Ludwig Van Beethoven

1156 Words5 Pages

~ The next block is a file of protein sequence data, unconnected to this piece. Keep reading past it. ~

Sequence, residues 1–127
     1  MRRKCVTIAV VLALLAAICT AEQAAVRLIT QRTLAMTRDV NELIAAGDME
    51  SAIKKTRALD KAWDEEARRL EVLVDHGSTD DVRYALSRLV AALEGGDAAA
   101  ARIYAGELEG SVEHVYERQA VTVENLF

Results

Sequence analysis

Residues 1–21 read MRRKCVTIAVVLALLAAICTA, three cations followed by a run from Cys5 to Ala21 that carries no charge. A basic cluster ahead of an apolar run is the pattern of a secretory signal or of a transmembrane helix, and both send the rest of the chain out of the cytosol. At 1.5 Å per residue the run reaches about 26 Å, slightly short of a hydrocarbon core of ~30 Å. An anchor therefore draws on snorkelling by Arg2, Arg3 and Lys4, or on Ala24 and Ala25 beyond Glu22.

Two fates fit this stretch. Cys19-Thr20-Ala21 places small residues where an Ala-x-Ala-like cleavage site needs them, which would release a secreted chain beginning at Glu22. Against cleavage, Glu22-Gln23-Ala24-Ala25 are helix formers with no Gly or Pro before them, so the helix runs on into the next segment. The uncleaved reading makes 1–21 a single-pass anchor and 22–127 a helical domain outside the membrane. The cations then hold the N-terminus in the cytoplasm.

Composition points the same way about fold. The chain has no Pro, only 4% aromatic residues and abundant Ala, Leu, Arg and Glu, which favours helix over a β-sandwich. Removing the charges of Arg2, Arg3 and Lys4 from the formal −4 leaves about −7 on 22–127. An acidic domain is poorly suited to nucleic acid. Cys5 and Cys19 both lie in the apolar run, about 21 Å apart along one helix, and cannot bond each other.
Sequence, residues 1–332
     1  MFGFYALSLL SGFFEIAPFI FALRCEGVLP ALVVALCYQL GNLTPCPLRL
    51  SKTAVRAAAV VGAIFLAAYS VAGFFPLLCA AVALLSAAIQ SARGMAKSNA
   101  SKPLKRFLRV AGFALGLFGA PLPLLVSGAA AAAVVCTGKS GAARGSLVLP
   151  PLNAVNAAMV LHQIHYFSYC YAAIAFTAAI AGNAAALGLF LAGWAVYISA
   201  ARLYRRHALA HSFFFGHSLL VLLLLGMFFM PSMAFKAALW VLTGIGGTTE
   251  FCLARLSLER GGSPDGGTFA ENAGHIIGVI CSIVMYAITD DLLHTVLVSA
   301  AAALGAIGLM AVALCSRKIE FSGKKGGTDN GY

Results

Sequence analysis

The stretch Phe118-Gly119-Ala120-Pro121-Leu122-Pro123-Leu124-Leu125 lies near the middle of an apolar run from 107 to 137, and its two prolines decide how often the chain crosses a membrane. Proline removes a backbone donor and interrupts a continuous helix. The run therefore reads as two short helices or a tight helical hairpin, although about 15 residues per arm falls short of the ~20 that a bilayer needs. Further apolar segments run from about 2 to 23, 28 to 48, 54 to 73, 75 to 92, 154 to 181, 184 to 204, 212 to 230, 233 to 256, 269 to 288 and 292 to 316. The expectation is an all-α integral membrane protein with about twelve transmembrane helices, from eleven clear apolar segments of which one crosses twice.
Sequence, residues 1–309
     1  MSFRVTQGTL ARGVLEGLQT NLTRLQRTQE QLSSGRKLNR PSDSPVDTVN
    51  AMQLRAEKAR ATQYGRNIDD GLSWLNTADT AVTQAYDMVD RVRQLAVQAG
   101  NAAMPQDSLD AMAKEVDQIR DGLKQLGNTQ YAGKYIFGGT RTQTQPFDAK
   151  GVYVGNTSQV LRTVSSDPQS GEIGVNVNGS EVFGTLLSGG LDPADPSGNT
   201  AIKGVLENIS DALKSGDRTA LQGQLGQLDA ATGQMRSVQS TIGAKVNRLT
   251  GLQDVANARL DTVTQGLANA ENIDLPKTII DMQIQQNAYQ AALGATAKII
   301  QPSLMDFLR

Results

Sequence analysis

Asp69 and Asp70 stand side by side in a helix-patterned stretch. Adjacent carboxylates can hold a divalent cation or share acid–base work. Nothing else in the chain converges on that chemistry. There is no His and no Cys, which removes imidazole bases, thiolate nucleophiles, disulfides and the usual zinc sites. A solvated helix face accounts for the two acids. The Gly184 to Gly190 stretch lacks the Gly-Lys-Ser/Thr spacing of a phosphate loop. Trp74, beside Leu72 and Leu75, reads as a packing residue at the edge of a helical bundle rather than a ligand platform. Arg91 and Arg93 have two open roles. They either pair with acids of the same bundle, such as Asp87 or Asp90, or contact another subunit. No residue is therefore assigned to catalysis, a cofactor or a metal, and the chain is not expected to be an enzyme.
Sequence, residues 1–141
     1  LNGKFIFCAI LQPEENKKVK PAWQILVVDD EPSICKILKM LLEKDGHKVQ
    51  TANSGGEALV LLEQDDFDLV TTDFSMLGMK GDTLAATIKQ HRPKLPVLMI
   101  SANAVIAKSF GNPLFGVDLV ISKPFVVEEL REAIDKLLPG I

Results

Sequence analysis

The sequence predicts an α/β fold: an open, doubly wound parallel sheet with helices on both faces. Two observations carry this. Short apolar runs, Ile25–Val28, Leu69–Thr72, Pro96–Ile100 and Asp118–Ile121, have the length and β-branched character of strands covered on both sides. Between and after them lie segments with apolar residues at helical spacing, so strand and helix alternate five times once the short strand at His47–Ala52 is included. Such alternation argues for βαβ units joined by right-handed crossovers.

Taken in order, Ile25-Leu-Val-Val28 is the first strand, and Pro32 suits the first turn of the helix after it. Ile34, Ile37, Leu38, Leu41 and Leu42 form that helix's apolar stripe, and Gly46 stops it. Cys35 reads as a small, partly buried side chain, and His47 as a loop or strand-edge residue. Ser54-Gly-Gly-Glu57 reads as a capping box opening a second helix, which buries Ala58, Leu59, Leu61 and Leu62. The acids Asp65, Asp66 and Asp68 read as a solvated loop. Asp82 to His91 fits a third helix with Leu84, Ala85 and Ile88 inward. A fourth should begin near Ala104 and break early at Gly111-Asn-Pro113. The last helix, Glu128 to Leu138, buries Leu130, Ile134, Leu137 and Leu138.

When you look at the world and all the people on it as a whole, you see that there are very few influential people whose actions or opinions strongly influence the course of events. Ludwig Van Beethoven, a German musician, is one of those very few. He was an extraordinary musician that lived through hardship and had the horrific fate of deafness, any musician’s worst nightmare. Beethoven left a wall standing in history that captured the art of sounds and worked it beyond imagination into music so fragile and pure yet onerous, unable to be matched by any succeeding composer. His determination to push music forward, go beyond the thinkable, and make it his own, has made a huge impact on all music forever going forward. Beethoven had a reason or explanation for everything he ever did. He was born in Bonn, Germany in 1770 and grew up around numerous musicians, including many musicians of which were in his very own family. Beethoven’s father, Johann, earned money from his career in singing, so when Johann picked up heavy drinking he practically ruined his voice, therefore less money came in. Johann turned the disappointment in himself into high expectations for his son Ludwig. He wanted Beethoven to be a child prodigy, a second Mozart, yet he would not let Ludwig to express himself and play the music in his own style; he was only allowed to play it exactly how it was written with no adjustments at all. Whenever he would try to play something that wasn’t written straight from a book his father would punish him, so Beethoven was overjoyed when he started working with first mentor, Christian Neefe. Beethoven had hoped to study along-side of Mozart, one whom of which he admired. He briefly worked with him in 1787 when he visited Vienna, G... ... middle of paper ... .... “Beethoven, Ludwig Van.” Benet’s Reader’s Encyclopedia (1996): 89. Literary Reference Center. Web. 8 Dec. 2013 Carew-Miller, Anna and Vitali Kanstantinov. “BEETHOVEN..(Cover Story).” Beethoven (2013): N. History Reference Center. Web. 25 Nov. 2013. Great Neck, Publishing. “Ludwig Van Beethoven.” Monkeyshines On Music & Great Musicians (2001): 58. History Reference Center. Web. 25 Nov. 2013. Hart, Michael H. “Ludwig Van Beethoven.” The 100: A Ranking of the Most Influential Persons in History. New York: Citadel Press, 1978. Print. “Ludwig Van Beethoven (1770-1827).” Ludwig Van Beethoven (1770-1827). N. p., n.d. Web. 26 Nov. 2013. “The Era of Beethoven.” The Era of Beethoven. N. p., n.d. Web. 24 Nov. 2013
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